The Cambridge History of English and American Literature in 18 Volumes (1907–21). rn VOLUME XVII. Later National Literature, Part II.

XI. The Later Novel: Howells

§ 22. Later Novels

The Institute rightly judged that, important as Howells is as critic and memoir-writer, he must be considered first of all a novelist. His later books of fiction make up a long list. That he could produce such an array of fiction is sign enough that he had not been overpowered by humanitarianism; a better sign is the fact that these later novels are even kinder, gayer, mellower than the early ones. In them his investigation moves over a wide area, which includes the solid realism of The Landlord at Lion’s Head (1897) and The Kentons (1902); the sombre study of a crime in The Quality of Mercy (1892); the keen statement of problems in An Imperative Duty (1892) and The Son of Royal Langbrith (1904); happier topics as in Miss Bellard’s Inspiration (1905); and, very notably, subtle explorations of what is or what seems to be the supersensual world in The Shadow of a Dream (1890), Questionable Shapes (1903)—short stories, Between the Dark and the Daylight (1907)—short stories, and The Leatherwood God (1916), which last, the study of a frontier impostor who proclaims himself a god, best hints at Howells’s views of the relation between the real world which he had so long explored and so lovingly portrayed and those vast spaces which appear to be beyond it for the futile tempting of religionists and romanticists.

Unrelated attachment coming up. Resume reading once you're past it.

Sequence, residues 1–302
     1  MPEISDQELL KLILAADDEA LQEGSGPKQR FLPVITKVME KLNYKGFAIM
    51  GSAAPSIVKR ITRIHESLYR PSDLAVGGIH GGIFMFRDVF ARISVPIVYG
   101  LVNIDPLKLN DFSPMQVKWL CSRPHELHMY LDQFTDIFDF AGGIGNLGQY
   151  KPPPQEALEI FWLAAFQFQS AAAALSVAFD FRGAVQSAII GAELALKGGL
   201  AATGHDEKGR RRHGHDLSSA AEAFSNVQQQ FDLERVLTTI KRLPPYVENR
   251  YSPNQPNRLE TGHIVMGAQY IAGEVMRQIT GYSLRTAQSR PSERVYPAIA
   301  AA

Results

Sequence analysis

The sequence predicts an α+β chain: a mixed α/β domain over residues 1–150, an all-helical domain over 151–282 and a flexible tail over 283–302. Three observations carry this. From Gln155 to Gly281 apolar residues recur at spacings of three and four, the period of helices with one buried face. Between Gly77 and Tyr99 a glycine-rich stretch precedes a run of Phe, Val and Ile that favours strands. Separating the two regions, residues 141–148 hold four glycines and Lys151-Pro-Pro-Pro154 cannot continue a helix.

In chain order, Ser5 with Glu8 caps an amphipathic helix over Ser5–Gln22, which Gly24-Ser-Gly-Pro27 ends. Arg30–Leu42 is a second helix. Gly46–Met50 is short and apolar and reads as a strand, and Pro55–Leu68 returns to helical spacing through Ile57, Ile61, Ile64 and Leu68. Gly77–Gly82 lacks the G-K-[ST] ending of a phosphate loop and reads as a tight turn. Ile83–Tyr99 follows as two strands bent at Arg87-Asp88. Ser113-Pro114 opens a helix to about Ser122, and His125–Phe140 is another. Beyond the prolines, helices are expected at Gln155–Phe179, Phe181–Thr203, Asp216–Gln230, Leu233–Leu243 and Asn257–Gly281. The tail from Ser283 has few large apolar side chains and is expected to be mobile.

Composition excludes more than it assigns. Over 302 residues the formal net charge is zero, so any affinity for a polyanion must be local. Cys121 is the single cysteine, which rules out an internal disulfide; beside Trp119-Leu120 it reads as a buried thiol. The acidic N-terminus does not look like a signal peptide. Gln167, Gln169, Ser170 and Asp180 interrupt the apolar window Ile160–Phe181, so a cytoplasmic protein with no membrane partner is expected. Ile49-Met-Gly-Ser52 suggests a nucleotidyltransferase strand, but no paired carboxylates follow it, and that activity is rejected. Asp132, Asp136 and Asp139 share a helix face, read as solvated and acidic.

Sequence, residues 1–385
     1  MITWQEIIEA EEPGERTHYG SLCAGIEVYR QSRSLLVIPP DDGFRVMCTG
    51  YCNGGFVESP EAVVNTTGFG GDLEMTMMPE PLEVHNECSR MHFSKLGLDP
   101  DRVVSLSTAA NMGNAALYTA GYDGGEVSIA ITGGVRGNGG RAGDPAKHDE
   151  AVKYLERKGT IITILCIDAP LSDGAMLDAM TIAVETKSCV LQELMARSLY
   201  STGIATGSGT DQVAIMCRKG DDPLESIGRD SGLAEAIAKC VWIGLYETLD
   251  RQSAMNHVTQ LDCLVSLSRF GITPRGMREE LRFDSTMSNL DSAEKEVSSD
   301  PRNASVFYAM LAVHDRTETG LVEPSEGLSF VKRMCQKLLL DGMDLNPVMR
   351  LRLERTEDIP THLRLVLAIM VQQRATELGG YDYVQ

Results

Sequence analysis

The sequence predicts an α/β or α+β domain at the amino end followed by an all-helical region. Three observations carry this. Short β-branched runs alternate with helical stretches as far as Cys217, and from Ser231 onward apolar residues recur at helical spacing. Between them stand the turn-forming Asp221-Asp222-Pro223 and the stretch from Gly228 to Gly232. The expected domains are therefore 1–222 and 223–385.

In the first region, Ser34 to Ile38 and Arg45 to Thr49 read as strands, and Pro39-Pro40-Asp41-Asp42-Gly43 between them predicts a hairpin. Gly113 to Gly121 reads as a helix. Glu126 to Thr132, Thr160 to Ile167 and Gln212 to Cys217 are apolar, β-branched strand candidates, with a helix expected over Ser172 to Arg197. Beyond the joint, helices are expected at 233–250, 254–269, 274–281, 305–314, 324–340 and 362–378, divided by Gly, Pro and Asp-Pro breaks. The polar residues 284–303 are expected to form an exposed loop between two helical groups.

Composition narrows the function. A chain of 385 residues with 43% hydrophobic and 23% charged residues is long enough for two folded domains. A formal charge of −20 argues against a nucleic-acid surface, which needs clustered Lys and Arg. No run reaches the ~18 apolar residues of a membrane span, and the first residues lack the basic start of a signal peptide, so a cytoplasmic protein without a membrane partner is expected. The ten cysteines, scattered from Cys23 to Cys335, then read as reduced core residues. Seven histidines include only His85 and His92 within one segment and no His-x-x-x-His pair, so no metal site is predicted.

Holding so firmly to his religion of reality, and with his varied powers, it is not perhaps to be wondered at that Howells produced in his fourscore books the most considerable transcript of American life yet made by one man. Nor, of course, should it be wondered at, that in spite of his doctrine of impersonality the world of America as he has set it down is full of his benignance and noble health, never illicit or savage and but rarely sordid. His natural gentleness and reserve, even more than the decorous traditions of the seventies and eighties, kept him from the violent frankness of, say, Zola, whose books Howells thought “indecent through the facts that they nakedly represent.” What Howells invariably practiced was a kind of selective realism, choosing his material as a sage chooses his words, decently. Most of his stories end “happily,” that is, in congenial marriages with good expectations. He did not mind employing one favoured situation—in ation—in which a humorous husband and a serious wife find themselves responsible for a young girl during her courtship—so often as to suggest a personal experience. Not without some complaint, he nevertheless not too rebelliously accepted the modern novelist’s fate of writing largely for women, a sex which in Howells’s world appears as often shallow and changeful and almost always quite unreasonable. Thus limited as to subjects by his temper and his times, he was likewise limited as to treatment. On every ground he preferred to make relatively little of impassioned or tragic moments, believing that the true bulk of life is to be represented by its common-places. “It will not do,” he wrote, speaking of the ducal palace at Weimar, “to lift either houses or men far out of the average; they become spectacles, ceremonies; they cease to have charm, to have character, which belong to the levels of life, where alone there are ease and comfort, and human nature may be itself, with all the little delightful differences repressed in those who represent and typify.” (The pendulum had swung far since the days when Cooper and Hawthorne repined over the democratic barrenness of American manners!) No one has written more engaging commonplaces than Howells, though perhaps something like the century which has elapsed since the death of Jane Austen—Howells’s ideal among English novelists—will have to pass before the historian can be sure that work artistically flawless may be kept alive, lacking malice or intensity, by ease and grace and charm, by kind wisdom and thoughtful mirth.